• The Trouble with Geniuses. Having an IQ of 150 or greater qualifies one as a genius. The relationship between IQ and success only works up to a point. Once you hit an IQ of 120 then having any additional IQ points doesn't translate to any real-world advantage. Gladwell proves his point using lists of American Nobel prize winners. Bottom line: you don't have to be a genius - just smart enough. (There's hope for me!) And those of us in the Smart Zone know that Emotional Intelligence (EQ) is just as critical to success.

Legacy Outliers In Part II Gladwell describes Outliers whose success (or failure) results from their legacy. Our heritage and culture of our past affect what we achieve in ways that we can't begin to imagine. Here are my 3 favorite examples:

  1. Harlan, Kentucky Family Feud.

Gladwell describes a 19th century pattern in the Appalachian Mountains that began with the Howard-Turner family feud. Years of gunfire and fatal gunshot wounds occurred. It was a "culture of honor" to engage in an altercation with the enemy family. Then in the 1990s 2 psychologists conducted an experiment on the culture of honor. Men participating in the experiment were intentionally provoked to anger. And guess who got the angriest at the smallest provocation: southerners (ouch!). When northerners were provoked there was almost no effect. Southerners were almost itching for a fight. Are southerners just carrying out their cultural legacy when they get mad?

  • The Ethnic Theory of Plane Crashes. Gladwell tells a harrowing story of how a Korean plane crash in 1997 was a result the pilot's ethnicity. During that same time period Korean pilots had crash losses 17% higher than American pilots. The root cause: the cultural legacy of respecting superiors. Korean copilots were afraid to be too assertive with their pilot in times of possible danger and Korean pilots were too respectful of air traffic controllers to question their directives. This attitude toward hierarchy can be measured by a "Power Distance Index (PDI)." Countries with the highest PDI (Brazil, South Korea, Morocco, Mexico and Philippines) had the most crashes. Countries with the lowest PDI (U.S., Ireland, South Africa, Australia and New Zealand) had the fewest crashes.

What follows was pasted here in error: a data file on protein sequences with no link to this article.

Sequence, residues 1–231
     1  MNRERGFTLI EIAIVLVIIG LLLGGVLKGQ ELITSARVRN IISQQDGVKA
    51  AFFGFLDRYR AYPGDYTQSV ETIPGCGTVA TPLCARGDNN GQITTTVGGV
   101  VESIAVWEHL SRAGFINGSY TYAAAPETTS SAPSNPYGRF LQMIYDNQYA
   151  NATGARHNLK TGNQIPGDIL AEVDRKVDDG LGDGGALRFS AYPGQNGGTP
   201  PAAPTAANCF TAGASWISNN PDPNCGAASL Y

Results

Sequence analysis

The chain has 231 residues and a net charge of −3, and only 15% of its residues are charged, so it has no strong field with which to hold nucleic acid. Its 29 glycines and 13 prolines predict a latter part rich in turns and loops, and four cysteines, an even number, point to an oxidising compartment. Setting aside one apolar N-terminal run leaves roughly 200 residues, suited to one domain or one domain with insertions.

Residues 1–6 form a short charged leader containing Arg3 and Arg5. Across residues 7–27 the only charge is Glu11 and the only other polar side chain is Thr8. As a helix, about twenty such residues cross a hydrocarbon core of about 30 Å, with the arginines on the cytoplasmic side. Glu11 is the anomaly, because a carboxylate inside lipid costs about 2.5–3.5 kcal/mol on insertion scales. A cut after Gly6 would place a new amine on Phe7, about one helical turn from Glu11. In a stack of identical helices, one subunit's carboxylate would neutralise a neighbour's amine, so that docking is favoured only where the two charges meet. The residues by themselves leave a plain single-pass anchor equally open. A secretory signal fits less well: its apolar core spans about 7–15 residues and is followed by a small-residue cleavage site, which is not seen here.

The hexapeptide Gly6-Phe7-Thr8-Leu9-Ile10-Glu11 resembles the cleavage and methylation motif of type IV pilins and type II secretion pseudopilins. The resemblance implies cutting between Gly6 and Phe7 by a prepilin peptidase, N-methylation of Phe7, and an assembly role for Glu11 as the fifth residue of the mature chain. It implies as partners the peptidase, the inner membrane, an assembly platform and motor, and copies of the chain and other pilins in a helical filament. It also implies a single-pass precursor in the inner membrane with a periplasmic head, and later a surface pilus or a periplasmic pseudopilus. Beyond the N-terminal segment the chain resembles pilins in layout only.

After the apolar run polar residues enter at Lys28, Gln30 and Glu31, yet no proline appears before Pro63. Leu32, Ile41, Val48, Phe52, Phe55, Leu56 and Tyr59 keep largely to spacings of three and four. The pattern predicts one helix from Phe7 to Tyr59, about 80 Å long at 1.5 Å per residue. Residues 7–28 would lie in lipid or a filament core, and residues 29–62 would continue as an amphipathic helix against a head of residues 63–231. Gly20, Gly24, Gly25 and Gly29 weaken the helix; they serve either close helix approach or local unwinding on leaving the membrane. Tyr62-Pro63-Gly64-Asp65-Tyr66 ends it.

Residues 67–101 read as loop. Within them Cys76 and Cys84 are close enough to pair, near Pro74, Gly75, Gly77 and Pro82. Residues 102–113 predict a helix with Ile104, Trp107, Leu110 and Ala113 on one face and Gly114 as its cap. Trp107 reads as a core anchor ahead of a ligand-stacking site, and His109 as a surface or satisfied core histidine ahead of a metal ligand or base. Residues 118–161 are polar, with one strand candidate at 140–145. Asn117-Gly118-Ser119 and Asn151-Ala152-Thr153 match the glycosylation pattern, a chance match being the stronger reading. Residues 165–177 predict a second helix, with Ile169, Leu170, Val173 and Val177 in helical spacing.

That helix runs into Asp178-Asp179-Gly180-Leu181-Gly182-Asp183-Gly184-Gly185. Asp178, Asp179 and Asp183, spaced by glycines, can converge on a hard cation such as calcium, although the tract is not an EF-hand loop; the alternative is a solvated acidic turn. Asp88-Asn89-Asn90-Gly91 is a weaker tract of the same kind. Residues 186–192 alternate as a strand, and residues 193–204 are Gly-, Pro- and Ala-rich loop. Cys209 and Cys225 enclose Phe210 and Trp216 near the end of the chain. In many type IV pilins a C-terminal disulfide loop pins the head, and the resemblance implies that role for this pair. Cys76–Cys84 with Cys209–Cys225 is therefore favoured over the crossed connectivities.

• Rice Paddies and Math Tests. For years students from China, South Korea and Japan have substantially outperformed their U.S. counterparts in math. How does this tie in to rice paddies? Cultivating Chinese rice paddies requires tedious and precise effort. It is estimated that rice farmers work 3,000 hours a year - compared to U.S. workers who work 2,000 hours per year. One other advantage is that the Asian number system has more regularity making calculations easier. This, combined with the cultural legacy of tedious rice culture and hard work, gives Asians an advantage in math. Click here for Gladwell's interview with Katie Couric discussing this subject.

In a nutshell the book proves this: people don't rise from nothing. The people that are on top of the world and appear to be self-made actually owe everything to extraordinary opportunities and cultural legacies that "allow them to learn and work hard and make sense of the world in ways we cannot."